Authors:J. Carpenter, D. Katayama, L. Liu, W. Chonkaew, and K. Menard
The glass transition of lyophilized materials is normally measured by conventional or temperature modulated differential scanning
calorimetry (TMDSC). However, because of the weakness of these transitions when protein concentrations are high, these techniques
are often unable to detect the glass transition (Tg). High ramp rate DSC, where heating rates of 100 K per min and higher are used, has been shown to be able to detect weak
transitions in a wide range of materials and has been applied to these materials in previous work. Dynamic mechanical analysis
(DMA) is also known to be much more sensitive to the presence of relaxations in materials than other commonly used thermal
techniques. The development of a method to handle powders in the DMA makes it now possible to apply this technique to protein
and protein-excipient mixtures. HRR DSC, TMA and DMA were used to characterize the glass transition of lyophilized materials
and the results correlated. DMA is shown to be a viable alternative to HRR DSC and TMA for lyophilized materials.
Authors:Y. Kawabata, V. Aparin, M. Nagai, M. Yamamoto, K. Shiraishi, and Y. Katayama
Uranium and thorium concentrations in water and in soil from Kazakhstan have been investigated. In some sampling points the
uranium concentrations of drinking water, exceeded the WHO guideline level for drinking water. Thus, the human effect of uranium
exposure from drinking water in these areas is significant. However, soil samples were the same as in the Nature. Irrigation
systems in these areas would be easy for water carried in the drains mix with groundwater. The results here suggest that the
uranium passes into the groundwater through the agriculture land by the above mechanism.
Authors:J. Takada, K. Nishimura, M. Akaboshi, T. Matsubara, Y. Katayama, and M. Koyama
Content of 40 elements in plant leaves, soils and rocks collected from several sampling sites in Okayama Prefecture was analyzed by instrumental neutron activation analysis using the Research Reactor of Kyoto University. Of these, 16 elements were taken up, and the relationship among their amounts in plants, rocks and soils was discussed, focusing mainly on the essential elements of higher plants and related elements in the periodic table. Although most element contents in plant were different among species, the mediam values of the most non-essential elements in the leaf were lower than the contents in the soil and rock samples. However, essential elements showed significantly higher median values than those in the soil and rock samples. Most element contents in leaves showed a logarithmic normal distribution. The normal distribution was observed in most essential elements except for zinc, while non-essential elements did not show a normal distribution. The results obtained by analysis of variance, showed that the plant species studied could be divided into four major groups, namelyDicotyledoneae, Monocotyledoneae, Gymnospermae andPteridophyta. In general,Dycotyledoneae andPteridophyta had higher element contents thanMonocotyledonaeae andGymnospermae.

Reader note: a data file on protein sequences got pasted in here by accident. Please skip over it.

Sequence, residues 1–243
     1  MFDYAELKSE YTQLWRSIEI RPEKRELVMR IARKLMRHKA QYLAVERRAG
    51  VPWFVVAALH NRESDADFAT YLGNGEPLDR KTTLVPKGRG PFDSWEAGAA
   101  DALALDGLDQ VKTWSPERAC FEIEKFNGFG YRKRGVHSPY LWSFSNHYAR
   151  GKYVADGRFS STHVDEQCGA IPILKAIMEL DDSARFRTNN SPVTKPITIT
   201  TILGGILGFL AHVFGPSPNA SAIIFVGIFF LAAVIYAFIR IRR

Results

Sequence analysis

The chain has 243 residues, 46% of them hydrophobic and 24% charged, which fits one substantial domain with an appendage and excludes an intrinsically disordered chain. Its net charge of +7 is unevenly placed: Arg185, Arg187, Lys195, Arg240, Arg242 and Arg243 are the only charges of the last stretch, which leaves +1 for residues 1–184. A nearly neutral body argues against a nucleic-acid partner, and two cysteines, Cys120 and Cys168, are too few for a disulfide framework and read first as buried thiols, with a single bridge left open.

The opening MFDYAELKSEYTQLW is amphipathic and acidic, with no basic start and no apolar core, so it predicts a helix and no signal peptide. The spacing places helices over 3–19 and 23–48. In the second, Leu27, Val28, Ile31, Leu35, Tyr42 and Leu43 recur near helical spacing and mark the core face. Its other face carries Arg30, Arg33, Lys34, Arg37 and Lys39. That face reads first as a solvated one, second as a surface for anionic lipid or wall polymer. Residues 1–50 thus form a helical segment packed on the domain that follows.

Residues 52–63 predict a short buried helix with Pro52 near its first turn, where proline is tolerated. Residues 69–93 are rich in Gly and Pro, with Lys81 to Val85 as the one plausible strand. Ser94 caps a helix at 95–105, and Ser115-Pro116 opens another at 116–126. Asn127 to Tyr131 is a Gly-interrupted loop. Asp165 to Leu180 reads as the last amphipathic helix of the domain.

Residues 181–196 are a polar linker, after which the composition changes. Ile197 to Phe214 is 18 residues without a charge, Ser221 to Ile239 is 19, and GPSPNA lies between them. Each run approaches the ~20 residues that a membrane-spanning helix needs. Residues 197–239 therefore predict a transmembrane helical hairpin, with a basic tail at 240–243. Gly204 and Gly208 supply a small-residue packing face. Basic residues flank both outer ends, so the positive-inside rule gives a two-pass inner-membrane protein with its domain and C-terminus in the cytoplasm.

Authors:Y. Kawabata, M. Yamamoto, V. Aparin, S. Ko, K. Shiraishi, M. Nagai, and Y. Katayama
Water and phosphorous fertilizer samples from Karakalpakstan in the Republic of Uzbekistan were analyzed by inductively coupled
plasma mass spectrometry, (ICP-MS) to demonstrate the water quality in drinking water, rivers and canals. Uranium concentrations
exceeded the WHO (2004) guideline levels for drinking water at some sampling points. Since uranium can also have a toxic effect
on kidneys, the effect of uranium from drinking water on people in these areas is significant. One of the main pollutant sources
is the phosphate fertilizer leached from agriculture land.
Authors:S. Ohmori, H. Tsuji, Y. Kusaka, T. Takeuchi, T. Hayashi, J. Takada, M. Koyama, H. Kozuka, M. Shinogi, A. Aoki, K. Katayama, and T. Tomiyama
With the aim of indicating environmental pollution effects by heavy metals on humans using hair, nondestructive activation
analysis was applied to 382 normal Japanese hair samples (background level). Elemental contents of hair could be determined
for Ag, Al, As, Br, Ca, Cd, Cl, Co, Cr, Cu, Fe, Hg, I, K, La, Mg, Mn, Na, S, Sb, Sc, Se, Sm, Ti, V and Zn. As these elements
in hair have wide concentration ranges, the differences in concentrations distribution between groups (sex, age, permanent
treatment and regional difference) are discussed. A method for hair sampling is presented.